Shearman & Sterling LLP has a broad-based practice, covering oil and gas, power, renewables, transmission lines, transport infrastructure, and mining and metals. Moreover it has widespread geographic coverage, including major jurisdictions such as Mexico, Brazil, Chile, Peru, Argentina, Ecuador, Paraguay and Bolivia. The Latin America team covers a mix of project development, project finance and project refinancings, including those involving capital markets issuances. It has an even balance of Latin American and international sponsor clients, along with a rich variety of lender clients, including commercial banks, private equity funds, sovereign wealth funds and pension funds. Recent mandates include advising Y-GEN Eléctrica and Y‐GEN II Eléctrica, the joint venture operations owned by General Electric and YPF, on the $220m financing of the construction of two gas-fired power stations in Argentina; this was the first project finance loan to close in Argentina for more than a decade. The practice also represented Carso Gasoducto Norte on the $545m non-recourse project financing of the 630km natural gas pipeline from Samalayuca, Chihuahua to Sásabe, Sonora in Mexico. Gregory Tan is global head of project development and finance, has a strong focus on Latin America, and delivers ‘a consistently good experience in terms of knowledge and an ability to be commercial in his approach’. Head of the firm’s mining and metals practice, Cynthia Urda Kassis is ‘a fixture on the Latin American scene especially in mining and oil and gas’, a ‘lovely human being who persuades and wins points through logic and reason rather than fist pounding’, she is ‘very smart, very constructive, and very capable and clever – clients love her’. Alexandro Padrés is Mexico and New York-qualified, and has an especially strong record in Mexican and Chilean renewable energy and mining projects. Robert Freedman provides further senior expertise in energy sector transactions. Associate Augusto Ruiloba is ‘a very good attorney’; ‘incredibly smart and business oriented’, he ‘knows how to deal with clients and people sitting across the table from him’.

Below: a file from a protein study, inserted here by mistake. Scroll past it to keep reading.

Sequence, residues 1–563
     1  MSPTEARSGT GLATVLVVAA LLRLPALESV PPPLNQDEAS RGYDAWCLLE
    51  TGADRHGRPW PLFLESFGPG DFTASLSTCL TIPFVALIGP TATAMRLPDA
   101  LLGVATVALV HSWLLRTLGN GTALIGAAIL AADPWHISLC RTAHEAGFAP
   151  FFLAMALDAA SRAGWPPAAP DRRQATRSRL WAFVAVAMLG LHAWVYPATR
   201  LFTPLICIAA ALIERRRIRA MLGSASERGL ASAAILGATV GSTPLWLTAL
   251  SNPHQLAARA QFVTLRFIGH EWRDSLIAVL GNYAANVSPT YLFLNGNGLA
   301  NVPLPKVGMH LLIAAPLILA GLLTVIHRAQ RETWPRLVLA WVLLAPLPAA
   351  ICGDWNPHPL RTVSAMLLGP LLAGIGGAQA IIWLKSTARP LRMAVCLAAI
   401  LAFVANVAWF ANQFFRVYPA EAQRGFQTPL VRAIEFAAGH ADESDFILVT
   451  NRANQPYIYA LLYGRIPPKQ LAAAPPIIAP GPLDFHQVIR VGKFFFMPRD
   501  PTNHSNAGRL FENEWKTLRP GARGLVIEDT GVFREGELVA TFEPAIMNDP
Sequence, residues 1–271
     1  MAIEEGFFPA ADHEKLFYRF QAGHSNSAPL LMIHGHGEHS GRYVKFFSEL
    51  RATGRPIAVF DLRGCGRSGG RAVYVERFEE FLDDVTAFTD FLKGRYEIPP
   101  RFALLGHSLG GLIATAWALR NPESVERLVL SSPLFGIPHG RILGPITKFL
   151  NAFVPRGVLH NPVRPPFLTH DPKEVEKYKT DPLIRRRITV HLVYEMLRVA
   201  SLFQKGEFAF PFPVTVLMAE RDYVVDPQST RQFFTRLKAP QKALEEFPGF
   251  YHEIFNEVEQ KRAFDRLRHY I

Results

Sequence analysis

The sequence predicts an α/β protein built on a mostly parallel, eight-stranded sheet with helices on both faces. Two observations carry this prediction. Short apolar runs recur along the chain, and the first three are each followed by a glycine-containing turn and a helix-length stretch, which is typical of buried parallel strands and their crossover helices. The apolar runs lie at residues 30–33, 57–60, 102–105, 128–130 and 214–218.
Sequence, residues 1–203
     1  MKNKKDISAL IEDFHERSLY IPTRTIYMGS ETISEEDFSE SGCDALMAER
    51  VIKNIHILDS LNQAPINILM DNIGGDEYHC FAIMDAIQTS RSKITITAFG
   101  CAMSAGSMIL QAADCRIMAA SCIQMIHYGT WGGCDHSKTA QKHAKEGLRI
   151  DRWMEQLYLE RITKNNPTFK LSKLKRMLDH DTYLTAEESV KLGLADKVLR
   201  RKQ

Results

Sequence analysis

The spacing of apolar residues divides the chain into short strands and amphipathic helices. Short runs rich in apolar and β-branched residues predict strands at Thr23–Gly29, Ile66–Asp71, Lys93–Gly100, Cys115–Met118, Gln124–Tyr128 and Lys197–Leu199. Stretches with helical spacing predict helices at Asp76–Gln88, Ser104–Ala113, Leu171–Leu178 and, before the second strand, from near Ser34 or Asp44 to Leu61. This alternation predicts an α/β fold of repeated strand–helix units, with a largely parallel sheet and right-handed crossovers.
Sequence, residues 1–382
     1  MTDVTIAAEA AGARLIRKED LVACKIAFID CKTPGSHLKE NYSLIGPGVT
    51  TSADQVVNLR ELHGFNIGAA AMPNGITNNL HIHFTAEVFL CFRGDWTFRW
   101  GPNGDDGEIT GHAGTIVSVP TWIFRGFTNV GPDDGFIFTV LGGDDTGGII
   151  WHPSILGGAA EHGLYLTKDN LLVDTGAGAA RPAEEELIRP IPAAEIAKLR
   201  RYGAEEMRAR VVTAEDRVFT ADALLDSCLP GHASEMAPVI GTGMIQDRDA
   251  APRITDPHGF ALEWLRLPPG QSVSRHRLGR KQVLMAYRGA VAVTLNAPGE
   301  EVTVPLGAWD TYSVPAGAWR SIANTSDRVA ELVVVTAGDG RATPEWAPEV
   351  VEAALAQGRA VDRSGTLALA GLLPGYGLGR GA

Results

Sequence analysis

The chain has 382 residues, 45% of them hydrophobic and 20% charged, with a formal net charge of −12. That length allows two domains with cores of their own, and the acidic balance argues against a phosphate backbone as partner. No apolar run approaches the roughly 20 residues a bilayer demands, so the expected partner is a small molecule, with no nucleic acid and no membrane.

White & Case LLP launched a Houston office in February 2018, bringing in a number of senior practitioners with significant Latin America experience. The new Houston partners Jay Cuclis, Steven Otillar and Christopher Richardson have a strong focus on Latin America and significant oil and gas expertise; they joined from Vinson & Elkins LLP, Akin Gump Strauss Hauer & Feld LLP and Hunton Andrews Kurth LLP respectively. Building on the firm’s strong profile in downstream oil and gas, the new team extends its expertise into upstream and midstream development and commercial issues. With its eminent Mexico City office, the firm is well plugged into Mexico’s hydrocarbon sector reform-related work. Beyond oil and gas, the firm continues to impress in power and renewables, including in Argentina, Chile and Uruguay. It has also experienced growth in PPP engagements, including in Paraguay and Argentina. Showcasing its expertise in infrastructure and project bonds, the firm advised the banks on the $2bn cross-border debt issuance by state-owned Petróleos del Perú-Petroperú; the proceeds of what was the largest-ever offering by a Peruvian issuer are intended to finance a large-scale upgrade and modernisation of the Talara Refinery. It also represented Invenergy as sponsor, and Nicefield as borrower, in the refinancing of the 70MW Campo Palomas wind farm project in Uruguay. The firm is commended for its expertise in structuring and negotiating EPC, TUA and LNG contracts related to project development activities. Clients are ‘highly satisfied’ with its ‘support in all aspects’ and highlight its ‘customer oriented’ approach with its ‘interest in understanding client needs and commitment to these during the whole process’. ‘The level of service is high’ with ‘very prepared lawyers that deliver excellent performance’. Latin America project finance head Carlos Viana is ‘always a collegial professional and easy to work with’. São Paulo-based John Anderson provides ‘deep commitment’, ‘good technical coverage’ at a ‘reasonable cost’. In Mexico City, Sean Goldstein does an ‘excellent job’, is ‘always on top of what his associates are doing, and is always available to clarify, intervene and participate in any discussion or negotiation’. He has ‘sound experience’ in project development and project finance in the energy sector. Washington DC partner Victor DeSantis is recommended for oil and gas and infrastructure project finance; he is ‘very reasonable’, ‘knows what he is talking about’, has ‘years of experience’; ‘very commercial, practical’ he ‘is not out there to win points’, and ‘has a view on getting deals done and not getting lost in the weeds’. Washington DC’s Ned Neaher is also recommended for lender-side engagements and Miami-based Jeanine Acevedo is another key name in the team. New York’s John Vetterli brings leading capital markets expertise to the firm’s project and infrastructure bonds engagements. Former Mexico City partner José Ignacio Segura Alonso has joined Creel, García-Cuéllar, Aiza y Enríquez, S.C.. Named partners are based in Miami unless stated.